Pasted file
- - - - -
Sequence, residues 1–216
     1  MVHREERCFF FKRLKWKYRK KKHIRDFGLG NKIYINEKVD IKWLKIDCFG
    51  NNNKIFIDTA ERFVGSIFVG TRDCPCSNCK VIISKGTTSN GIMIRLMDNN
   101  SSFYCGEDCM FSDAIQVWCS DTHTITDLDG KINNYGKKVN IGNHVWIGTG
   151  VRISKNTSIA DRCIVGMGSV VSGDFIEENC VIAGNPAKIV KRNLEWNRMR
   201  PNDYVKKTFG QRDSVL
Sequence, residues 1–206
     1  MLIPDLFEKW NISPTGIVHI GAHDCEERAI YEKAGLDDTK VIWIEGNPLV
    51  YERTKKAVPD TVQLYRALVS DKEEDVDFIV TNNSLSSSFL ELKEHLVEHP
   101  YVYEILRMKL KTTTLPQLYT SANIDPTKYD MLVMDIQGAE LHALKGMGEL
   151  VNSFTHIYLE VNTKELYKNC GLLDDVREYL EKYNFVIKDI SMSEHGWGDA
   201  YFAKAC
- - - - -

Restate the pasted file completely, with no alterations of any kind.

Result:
Sequence, residues 1–216
     1  MVHREERCFF FKRLKWKYRK KKHIRDFGLG NKIYINEKVD IKWLKIDCFG
    51  NNNKIFIDTA ERFVGSIFVG TRDCPCSNCK VIISKGTTSN GIMIRLMDNN
   101  SSFYCGEDCM FSDAIQVWCS DTHTITDLDG KINNYGKKVN IGNHVWIGTG
   151  VRISKNTSIA DRCIVGMGSV VSGDFIEENC VIAGNPAKIV KRNLEWNRMR
   201  PNDYVKKTFG QRDSVL
Sequence, residues 1–206
     1  MLIPDLFEKW NISPTGIVHI GAHDCEERAI YEKAGLDDTK VIWIEGNPLV
    51  YERTKKAVPD TVQLYRALVS DKEEDVDFIV TNNSLSSSFL ELKEHLVEHP
   101  YVYEILRMKL KTTTLPQLYT SANIDPTKYD MLVMDIQGAE LHALKGMGEL
   151  VNSFTHIYLE VNTKELYKNC GLLDDVREYL EKYNFVIKDI SMSEHGWGDA
   201  YFAKAC